Rothko Chapel: silence, contemplation, and art in a busy city

8 03 2011

Tourists have crowded into the half-dark of the enormous Romanesque church.
Vault opening behind vault and no perspective.
A few candle flames flickered.
An angel whose face I couldn’t see embraced me
and his whisper went all through my body:
“Don’t be ashamed to be a human being, be proud!
Inside you one vault after another opens endlessly.
You’ll never be complete, and that’s as it should be.”
Tears blinded me
as we were herded out into the fiercely sun-lit piazza,
together with Mr. and Mrs. Jones, Herr Tanaka and Signora Sabatini;
within each of them vault after vault opened endlessly.
 
Tomas Tranströmer
Trans. Robert Bly

Late Thursday night, as Carter Abel and I [Matt] walked down Shearn St. on our way back from a lovely man-date,  we noticed the strange quietness around us. It was just after 10 pm, the traffic on Houston Avenue and the adjacent freeways had subsided from the stream of white noise, sirens, and rumbles, to a sputter of cars. We could hear our own feet on the sidewalk, and the chirp of crickets replaced the roar of engines.

The city is a noisy place, and I have no doubt that it has an effect on the minds of its denizens. Detaching from the privilege of a private vehicle has removed the seal of noise and choice of what to hear–radio, cd, silence–and subjected me to the barrage of noise that the urban poor face: the bus, for example–hissing of hydraulics, recorded voices and beeps signaling stops, the occasional person with headphone-music that the whole bus can hear.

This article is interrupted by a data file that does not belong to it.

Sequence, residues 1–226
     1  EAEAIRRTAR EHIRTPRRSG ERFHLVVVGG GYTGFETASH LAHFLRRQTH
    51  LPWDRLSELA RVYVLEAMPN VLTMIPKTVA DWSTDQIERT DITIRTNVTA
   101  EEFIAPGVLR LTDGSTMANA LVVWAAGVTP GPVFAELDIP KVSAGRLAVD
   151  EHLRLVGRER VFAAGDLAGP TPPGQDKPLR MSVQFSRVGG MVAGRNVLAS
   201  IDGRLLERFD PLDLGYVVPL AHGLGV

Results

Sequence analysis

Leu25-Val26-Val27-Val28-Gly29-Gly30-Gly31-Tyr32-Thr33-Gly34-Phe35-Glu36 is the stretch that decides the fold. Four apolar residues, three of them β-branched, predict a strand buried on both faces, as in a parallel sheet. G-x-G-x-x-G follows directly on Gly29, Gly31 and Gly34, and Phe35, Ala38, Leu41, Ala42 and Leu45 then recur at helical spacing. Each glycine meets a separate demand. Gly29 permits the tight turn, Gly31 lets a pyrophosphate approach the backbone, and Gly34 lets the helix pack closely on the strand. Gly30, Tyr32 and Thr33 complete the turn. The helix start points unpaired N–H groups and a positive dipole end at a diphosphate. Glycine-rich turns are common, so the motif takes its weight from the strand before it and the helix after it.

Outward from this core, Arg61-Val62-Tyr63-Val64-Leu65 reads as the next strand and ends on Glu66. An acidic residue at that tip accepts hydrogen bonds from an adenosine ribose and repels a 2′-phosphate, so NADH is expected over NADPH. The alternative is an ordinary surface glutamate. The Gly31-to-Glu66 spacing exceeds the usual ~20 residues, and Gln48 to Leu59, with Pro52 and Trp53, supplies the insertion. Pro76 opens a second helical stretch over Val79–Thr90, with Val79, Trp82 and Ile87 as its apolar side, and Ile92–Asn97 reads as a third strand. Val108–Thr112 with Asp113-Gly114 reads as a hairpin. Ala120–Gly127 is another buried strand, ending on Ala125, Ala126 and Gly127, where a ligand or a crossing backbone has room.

In January I made a small Sabbath retreat to the Rothko Chapel, which I had intended on visiting for the sake of seeing the work of an artist I admire, and wound up finding a place of silence and solace. I had many thoughts about the art and the chapel as a work–but what stuck with me was the sudden and total silence in comparison to the busyness and noisiness of Houston. The paintings within the chapel embody this place of silence, their composition based merely on color and texture, removes a layer of narrative noise that we normally seek in art–a direction of what to think and feel. In contrast to classical chapel-art–Michelangelo for example–where there is a narrative arc, Rothko’s pieces dwell in emptiness, much like contemplative prayer.

Thinking about silence challenged me to work on my Vacancies paintings without the accompaniment of headphones–as was my habit–subjecting myself to noise around, the people milling around Taft, and to my own thoughts. This, I will admit had it’s good and bad sides: opening up more conversation with people, while having to listen to some . . . interesting music choices by the baristas. It also has spurred my thinking about how large the role of silence in art is–how rhythm is built just as much on silence as sound, what note is hit as when nothing is played, just as negative space plays a role in a painter’s composition. For Lent, which begins this week, I am going to make a commitment not to use headphones at all–for a few reasons, one of which is this exploration of silence.

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